Police Chief Danny Semmes said the police department has 29 officers. It should have 35. He said many of the officers are leaving for better paying jobs elsewhere.
Council President Stevie VanHook said after the meeting the council needs more time to seek additional information to be better informed about the annexation. The council also wants its legal department to review the proposed annexation ordinance and a letter of no objection received this week from the Department of Transportation and Development before a final decision is made, he said.
“The council had requested for our legal department to be here because it is a legal process, that was not able to happen,” VanHook said. “The unanimous consent of the council was to go ahead and move this to next month because there were council members who were seeking additional knowledge regarding something of this nature because of its relative importance and the number of departments and agencies it will affect.”
He said the council has some questions concerning who will patrol the area and who will upkeep and maintain the annexed area. Also at issue is what role the Jeff Davis Parish Police Jury may have.
VanHook said he has a lot of questions and anticipates other questions because the proposal would affect a lot of people including police officers with the Local Agency Compensated Enforcement (LACE) program.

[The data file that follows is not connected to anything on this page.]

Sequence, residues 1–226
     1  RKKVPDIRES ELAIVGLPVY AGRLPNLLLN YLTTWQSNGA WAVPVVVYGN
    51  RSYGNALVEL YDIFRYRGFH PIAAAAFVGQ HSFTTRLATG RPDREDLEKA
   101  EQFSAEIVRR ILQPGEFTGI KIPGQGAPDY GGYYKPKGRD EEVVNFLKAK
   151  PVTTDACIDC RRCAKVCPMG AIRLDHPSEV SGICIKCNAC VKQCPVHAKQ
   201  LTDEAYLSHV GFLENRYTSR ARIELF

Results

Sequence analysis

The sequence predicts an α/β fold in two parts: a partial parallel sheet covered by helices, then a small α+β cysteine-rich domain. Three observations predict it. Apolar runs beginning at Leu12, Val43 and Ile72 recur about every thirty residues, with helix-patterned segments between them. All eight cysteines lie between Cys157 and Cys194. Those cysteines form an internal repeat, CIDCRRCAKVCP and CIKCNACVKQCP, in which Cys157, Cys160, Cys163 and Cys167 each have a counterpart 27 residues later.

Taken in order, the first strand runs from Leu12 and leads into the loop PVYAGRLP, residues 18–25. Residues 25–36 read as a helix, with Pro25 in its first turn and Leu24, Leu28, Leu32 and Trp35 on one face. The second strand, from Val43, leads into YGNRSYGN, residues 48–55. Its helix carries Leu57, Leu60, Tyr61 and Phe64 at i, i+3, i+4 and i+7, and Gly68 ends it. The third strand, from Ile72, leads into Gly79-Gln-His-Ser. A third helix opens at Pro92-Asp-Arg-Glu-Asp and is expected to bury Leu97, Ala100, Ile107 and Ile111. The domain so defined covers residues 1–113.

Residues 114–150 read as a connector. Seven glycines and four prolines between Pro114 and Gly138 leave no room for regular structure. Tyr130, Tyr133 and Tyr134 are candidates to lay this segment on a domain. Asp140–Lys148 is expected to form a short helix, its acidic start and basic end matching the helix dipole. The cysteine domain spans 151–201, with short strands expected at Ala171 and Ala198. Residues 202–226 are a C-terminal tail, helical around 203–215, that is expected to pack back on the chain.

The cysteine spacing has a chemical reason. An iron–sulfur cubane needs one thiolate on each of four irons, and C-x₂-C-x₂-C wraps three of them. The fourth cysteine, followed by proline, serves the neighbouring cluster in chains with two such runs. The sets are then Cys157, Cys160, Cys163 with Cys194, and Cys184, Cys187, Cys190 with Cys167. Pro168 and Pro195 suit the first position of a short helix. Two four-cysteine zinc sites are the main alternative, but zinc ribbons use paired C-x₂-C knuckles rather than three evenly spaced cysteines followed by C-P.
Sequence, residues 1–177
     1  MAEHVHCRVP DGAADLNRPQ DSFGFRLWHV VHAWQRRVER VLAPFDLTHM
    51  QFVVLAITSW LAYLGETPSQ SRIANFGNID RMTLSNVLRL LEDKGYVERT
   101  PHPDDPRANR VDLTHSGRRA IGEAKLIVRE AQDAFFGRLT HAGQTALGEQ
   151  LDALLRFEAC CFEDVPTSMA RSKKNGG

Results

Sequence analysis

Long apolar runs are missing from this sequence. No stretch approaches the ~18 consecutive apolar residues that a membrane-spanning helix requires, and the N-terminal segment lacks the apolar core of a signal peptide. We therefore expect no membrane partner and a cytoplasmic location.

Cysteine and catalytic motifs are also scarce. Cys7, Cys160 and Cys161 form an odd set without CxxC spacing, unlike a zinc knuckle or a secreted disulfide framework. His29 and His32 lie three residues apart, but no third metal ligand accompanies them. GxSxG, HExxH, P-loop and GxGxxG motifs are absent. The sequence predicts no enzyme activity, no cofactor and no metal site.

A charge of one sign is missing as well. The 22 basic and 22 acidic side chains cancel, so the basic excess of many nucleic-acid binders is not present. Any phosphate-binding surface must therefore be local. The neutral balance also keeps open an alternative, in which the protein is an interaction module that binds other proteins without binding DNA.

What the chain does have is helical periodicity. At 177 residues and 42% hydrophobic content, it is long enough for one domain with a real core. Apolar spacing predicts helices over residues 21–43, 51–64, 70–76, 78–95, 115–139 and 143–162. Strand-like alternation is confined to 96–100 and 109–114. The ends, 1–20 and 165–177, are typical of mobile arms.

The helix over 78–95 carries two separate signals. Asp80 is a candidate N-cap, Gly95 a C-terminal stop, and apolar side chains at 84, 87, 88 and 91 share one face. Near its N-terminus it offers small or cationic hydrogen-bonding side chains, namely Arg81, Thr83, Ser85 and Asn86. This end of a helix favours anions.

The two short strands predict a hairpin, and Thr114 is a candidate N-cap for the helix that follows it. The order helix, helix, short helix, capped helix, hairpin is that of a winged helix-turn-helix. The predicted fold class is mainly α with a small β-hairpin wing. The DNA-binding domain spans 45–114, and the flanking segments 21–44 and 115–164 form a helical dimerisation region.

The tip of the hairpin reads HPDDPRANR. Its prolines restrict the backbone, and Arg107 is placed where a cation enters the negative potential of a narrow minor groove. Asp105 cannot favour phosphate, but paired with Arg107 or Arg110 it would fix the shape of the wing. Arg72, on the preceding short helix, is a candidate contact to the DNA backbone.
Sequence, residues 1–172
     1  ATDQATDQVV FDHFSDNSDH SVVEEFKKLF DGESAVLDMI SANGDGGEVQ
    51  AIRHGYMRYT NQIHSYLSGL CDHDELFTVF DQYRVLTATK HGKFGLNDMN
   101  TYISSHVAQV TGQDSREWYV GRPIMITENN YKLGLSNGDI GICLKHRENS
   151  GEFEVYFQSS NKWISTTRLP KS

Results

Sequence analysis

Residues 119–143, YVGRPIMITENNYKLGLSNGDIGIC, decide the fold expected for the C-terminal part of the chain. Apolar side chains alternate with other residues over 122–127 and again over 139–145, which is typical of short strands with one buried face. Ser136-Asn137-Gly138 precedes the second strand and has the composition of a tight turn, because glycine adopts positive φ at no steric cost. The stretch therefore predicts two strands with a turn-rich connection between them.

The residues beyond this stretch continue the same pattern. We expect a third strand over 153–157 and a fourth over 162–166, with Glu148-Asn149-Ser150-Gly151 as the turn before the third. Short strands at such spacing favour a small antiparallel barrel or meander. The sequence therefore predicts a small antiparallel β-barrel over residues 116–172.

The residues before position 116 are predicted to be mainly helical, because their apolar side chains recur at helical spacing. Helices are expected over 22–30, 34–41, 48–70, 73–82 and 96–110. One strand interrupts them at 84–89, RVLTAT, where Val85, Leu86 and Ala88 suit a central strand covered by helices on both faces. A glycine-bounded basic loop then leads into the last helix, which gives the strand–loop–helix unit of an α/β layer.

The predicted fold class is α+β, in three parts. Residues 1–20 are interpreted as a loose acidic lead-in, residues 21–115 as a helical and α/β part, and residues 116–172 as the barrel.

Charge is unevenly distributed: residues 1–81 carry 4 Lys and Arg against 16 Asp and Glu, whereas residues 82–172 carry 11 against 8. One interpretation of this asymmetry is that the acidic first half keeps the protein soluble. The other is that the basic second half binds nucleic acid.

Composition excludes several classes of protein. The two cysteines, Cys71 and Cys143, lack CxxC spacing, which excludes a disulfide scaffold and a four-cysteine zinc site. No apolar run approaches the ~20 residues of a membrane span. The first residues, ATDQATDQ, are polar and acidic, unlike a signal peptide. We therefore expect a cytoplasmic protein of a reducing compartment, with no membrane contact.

VanHook contends the LACE program has nothing to do with the annexation issue, however, District Attorney Michael Cassidy is concerned the LACE program may be eliminated with the annexation.
Under the program the DA’s office pays city police officers $60 per hour to work the 6-hour traffic detail. Out of the $60, the city pays an average of $35 to the DA’s office.
In addition, the DA’s office pays 50 cents per mile for a 80 miles per a 6-hour shift worked by the officers.
About a dozen officers currently work the LACE program during off-duty hours.
An average of $250,000-$275,000 per year is paid to the city of which 60 percent goes towards compensation and mileage and 40 percent to the general fund.
The DA’s office, Police Jury, Indigent Defenders’ Board, crime lab, Drug Abuse Resistance Education, coroner and others also receive a portion of court costs generated by the LACE programs.